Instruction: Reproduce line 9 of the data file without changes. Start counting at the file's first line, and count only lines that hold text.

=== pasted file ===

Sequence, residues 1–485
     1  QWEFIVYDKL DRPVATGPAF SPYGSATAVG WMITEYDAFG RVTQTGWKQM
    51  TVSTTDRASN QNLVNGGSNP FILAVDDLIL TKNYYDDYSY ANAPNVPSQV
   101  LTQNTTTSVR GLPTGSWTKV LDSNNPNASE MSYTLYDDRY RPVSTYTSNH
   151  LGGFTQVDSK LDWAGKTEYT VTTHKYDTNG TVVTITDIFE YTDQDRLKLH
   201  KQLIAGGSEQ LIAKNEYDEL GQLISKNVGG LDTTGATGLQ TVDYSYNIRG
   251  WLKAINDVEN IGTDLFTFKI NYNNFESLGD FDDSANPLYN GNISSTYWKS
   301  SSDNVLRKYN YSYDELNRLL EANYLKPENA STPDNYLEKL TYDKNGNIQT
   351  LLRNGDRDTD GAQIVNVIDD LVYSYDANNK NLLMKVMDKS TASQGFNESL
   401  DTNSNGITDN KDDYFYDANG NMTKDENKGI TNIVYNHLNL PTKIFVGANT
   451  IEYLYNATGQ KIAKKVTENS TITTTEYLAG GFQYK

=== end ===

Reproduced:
   351  LLRNGDRDTD GAQIVNVIDD LVYSYDANNK NLLMKVMDKS TASQGFNESL